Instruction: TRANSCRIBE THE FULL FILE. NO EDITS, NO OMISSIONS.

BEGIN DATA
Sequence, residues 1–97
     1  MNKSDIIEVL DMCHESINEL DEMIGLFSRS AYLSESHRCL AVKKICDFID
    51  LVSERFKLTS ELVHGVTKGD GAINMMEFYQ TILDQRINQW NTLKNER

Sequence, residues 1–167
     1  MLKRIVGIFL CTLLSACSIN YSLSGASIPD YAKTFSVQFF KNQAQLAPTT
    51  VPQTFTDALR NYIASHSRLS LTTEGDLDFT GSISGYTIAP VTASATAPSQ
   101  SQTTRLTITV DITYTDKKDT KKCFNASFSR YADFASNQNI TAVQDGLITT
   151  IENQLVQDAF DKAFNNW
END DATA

Sequence, residues 1–97
     1  MNKSDIIEVL DMCHESINEL DEMIGLFSRS AYLSESHRCL AVKKICDFID
    51  LVSERFKLTS ELVHGVTKGD GAINMMEFYQ TILDQRINQW NTLKNER

Sequence, residues 1–167
     1  MLKRIVGIFL CTLLSACSIN YSLSGASIPD YAKTFSVQFF KNQAQLAPTT
    51  VPQTFTDALR NYIASHSRLS LTTEGDLDFT GSISGYTIAP VTASATAPSQ
   101  SQTTRLTITV DITYTDKKDT KKCFNASFSR YADFASNQNI TAVQDGLITT
   151  IENQLVQDAF DKAFNNW